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Michael Steele's Problems with Dr. King Continue

September 22, 2009

Speaking at Philander Smith College in Little Rock Monday, RNC Chairman Michael Steele declared, "Dr. King would be disappointed in the political leadership of this country for failing to address the least of us." But while Steele denied "we're all doing all this blocking" on health care, he also left unmentioned that 58% of Republicans aren't sure if the nation's first African-American president was born in the United States. And as it turns out, this isn't Steele's first unfortunate attempt to appropriate the legacy of Dr. King for his lily-white party.
During his failed 2006 Maryland Senate run, the the National Black Republican Association (NBRA) aired radio ads declaring that Democrats started the Ku Klux Klan and that Martin Luther King Junior was a member of the GOP. While no evidence apparently supports the group's claim that King was a Republican, the Klan's roots in the post-Civil War Democratic south are pretty clear. What is also quite clear, however, is that since the civil rights movement of the mid-1960's, Southern racists have happily found in a new home in the Republican Party.
And as the Washington Post reported that September, Michael Steele initially had no problem with the NBRA's revisionist history:

Steele was asked about the ad yesterday as he walked through a shopping mall in Forestville, greeting clerks and shoppers. He said he would not address the radio spot directly, because he had not heard it.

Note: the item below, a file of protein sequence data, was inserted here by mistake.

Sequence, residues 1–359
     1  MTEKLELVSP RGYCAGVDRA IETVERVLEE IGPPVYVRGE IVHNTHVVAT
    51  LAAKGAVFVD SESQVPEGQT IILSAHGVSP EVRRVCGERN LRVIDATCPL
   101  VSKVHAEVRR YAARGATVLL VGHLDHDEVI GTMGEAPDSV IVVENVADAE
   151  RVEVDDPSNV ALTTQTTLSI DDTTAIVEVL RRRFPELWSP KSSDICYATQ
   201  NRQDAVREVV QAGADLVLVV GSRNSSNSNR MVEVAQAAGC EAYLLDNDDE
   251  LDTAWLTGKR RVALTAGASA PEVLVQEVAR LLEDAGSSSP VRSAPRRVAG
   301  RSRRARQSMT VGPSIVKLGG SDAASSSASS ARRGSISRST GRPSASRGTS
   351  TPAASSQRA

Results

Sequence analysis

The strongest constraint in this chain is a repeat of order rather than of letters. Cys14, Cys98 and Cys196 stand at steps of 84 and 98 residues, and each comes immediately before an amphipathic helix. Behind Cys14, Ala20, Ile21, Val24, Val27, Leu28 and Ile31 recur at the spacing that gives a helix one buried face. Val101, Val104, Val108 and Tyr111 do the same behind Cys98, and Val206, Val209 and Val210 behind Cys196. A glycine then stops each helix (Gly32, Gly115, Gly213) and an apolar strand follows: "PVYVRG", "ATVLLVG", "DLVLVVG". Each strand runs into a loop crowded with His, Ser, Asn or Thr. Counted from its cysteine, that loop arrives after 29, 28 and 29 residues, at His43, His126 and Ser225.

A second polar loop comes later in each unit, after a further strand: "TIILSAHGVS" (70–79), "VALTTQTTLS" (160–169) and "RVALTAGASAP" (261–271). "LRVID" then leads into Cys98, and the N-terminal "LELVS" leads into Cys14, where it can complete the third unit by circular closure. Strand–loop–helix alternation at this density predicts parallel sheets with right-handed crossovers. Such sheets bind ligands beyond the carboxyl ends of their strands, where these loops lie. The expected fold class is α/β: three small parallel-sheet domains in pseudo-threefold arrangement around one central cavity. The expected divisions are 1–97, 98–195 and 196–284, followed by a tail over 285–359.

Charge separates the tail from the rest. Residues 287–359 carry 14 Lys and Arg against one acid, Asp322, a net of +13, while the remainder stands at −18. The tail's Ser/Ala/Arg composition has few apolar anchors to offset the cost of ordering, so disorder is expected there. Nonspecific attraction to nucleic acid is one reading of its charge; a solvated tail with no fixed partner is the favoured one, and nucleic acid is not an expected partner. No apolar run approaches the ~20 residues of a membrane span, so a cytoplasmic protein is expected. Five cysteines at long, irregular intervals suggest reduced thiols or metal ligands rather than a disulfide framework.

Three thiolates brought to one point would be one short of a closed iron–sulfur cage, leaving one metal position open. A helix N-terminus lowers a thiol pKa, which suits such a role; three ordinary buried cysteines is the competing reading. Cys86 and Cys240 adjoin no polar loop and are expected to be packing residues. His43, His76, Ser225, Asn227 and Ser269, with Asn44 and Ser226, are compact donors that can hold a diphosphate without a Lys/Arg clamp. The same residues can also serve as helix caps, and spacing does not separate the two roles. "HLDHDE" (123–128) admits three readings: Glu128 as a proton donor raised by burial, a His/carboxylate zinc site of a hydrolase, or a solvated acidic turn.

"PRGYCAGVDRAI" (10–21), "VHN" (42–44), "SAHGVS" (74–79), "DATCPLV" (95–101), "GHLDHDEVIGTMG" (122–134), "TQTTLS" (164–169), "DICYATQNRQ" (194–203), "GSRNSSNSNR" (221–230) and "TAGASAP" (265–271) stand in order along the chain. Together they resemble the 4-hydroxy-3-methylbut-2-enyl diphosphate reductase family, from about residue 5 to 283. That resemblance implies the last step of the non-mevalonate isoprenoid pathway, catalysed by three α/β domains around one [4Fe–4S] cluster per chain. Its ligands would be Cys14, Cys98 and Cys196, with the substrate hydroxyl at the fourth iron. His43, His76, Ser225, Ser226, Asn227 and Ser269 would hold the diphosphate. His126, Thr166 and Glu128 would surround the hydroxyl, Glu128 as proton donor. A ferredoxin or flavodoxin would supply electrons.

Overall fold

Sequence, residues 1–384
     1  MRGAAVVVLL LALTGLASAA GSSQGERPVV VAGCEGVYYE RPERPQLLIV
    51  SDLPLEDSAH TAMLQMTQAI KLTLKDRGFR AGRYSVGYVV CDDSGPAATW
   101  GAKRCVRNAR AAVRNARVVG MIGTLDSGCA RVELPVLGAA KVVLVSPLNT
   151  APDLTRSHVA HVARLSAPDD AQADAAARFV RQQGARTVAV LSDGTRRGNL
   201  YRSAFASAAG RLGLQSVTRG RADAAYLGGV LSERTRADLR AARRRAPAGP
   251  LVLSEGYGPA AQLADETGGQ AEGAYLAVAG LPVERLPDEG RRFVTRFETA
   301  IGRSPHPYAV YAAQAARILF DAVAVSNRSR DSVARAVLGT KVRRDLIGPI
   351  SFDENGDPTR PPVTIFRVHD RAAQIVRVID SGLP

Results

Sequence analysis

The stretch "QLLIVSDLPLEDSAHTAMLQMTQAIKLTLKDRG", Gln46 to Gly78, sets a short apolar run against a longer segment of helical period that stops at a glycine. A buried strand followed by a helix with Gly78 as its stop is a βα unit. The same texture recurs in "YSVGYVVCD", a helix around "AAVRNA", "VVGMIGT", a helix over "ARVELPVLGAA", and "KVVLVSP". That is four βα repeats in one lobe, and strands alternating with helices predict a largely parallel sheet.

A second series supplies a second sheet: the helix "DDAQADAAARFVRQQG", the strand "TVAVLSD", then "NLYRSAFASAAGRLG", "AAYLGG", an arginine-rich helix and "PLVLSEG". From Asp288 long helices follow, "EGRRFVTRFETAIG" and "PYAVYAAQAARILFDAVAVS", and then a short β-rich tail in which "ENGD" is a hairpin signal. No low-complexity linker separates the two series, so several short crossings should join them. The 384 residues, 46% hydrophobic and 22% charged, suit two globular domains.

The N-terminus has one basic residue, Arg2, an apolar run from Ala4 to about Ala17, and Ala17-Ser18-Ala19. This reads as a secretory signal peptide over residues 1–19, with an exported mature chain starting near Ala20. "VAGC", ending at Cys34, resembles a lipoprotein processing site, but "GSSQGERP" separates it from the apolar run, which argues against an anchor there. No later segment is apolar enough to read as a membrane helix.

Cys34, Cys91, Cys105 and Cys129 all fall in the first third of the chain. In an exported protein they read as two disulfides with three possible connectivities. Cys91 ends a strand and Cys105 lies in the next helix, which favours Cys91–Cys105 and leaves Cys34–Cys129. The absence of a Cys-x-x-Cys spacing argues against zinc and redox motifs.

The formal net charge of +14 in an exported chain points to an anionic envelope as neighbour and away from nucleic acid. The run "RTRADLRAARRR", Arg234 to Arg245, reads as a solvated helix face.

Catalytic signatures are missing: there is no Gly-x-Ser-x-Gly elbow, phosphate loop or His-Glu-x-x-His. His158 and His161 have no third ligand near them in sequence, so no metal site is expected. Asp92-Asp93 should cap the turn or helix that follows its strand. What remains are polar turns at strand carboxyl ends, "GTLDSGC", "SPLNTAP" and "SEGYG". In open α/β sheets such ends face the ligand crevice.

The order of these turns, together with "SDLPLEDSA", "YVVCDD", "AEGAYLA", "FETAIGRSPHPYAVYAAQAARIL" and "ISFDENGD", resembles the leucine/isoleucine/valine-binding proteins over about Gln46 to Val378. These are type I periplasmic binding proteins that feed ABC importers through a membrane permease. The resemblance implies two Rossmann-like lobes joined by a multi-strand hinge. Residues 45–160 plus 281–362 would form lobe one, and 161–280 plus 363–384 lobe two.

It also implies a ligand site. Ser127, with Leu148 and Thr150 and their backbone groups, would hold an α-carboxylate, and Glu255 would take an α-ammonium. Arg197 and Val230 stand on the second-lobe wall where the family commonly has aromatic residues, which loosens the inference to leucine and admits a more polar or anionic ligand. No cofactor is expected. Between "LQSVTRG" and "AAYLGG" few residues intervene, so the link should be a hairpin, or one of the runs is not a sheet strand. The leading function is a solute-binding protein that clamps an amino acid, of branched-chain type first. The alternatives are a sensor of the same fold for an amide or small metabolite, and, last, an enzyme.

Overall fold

But, he said, "I think Republicans have allowed Democrats to control the debate on political opportunity for African Americans...It's about time the Republicans speak to their real place in history...and to debunk the myths."

But just 24 hours later, Lt. Governor Steele was quick to reverse course on the ads, which among other things proclaimed, "Democrats want to keep us poor while voting ONLY Democrat" and, "Democrats have bamboozled blacks."

In an interview yesterday, Steele said he had not heard the 60-second spot but said he generally does not oppose Republican efforts to assert their "real place in history." Today, though, his campaign released a statement blasting the ad.
"NBRA's current radio ad is insulting to Marylanders and should come down immediately," the statement says. "Although they may have had good intentions, there is no room for this kind of slash-and-burn partisan politics in the important conversation about how to best bring meaningful change to Washington, D.C. and get something done for Maryland."

As it turned out, Steele's would-have-been Republican colleague from Georgia Saxby Chambliss didn't make things any easier for him that same week. During a closed door session of the Senate Armed Services Committee discussing American intelligence capabilities, Chambliss reportedly declared that the South would have won the Civil War if it had better intelligence, adding "We'd be quoting Jefferson Davis, not Lincoln." Chambliss, who defeated incumbent and triple Vietnam War amputee Max Cleland by comparing him to Osama Bin Laden and Saddam Hussein, defended his longing for Southern victory by claiming that his actual words were "if General J.E.B. Stuart had had better intelligence, we'd all be meeting in Richmond right now." (Note to the NBRA: the Ku Klux Klan was founded by Stuart's fellow Confederate legend Nathan Bedford Forrest.)
In Michael Steele's defense, he has a tough road to winning blacks back to the party of Lincoln. After all, many of its leading lights, including Haley Barbour, George Allen, Matt Blunt, Trent Lott and Jim Demint wax nostalgic about the ante bellum South. That Confederate flag-waving crowd includes 2012 White House hopeful Mike Huckabee, as well as Jim "You Lie" Wilson and his Capitol Hill defender from Iowa, Steve King. It's no wonder Barack Obama captured 95% of African-American voters last November.
And there can be little doubt that Dr. King would been among them.

2 comments on “Michael Steele's Problems with Dr. King Continue”

  1. Michael Steele is a total joke. But he's probably among the least embarrassing Rethug leaders these days.


Jon Perr
Jon Perr is a technology marketing consultant and product strategist who writes about American politics and public policy.

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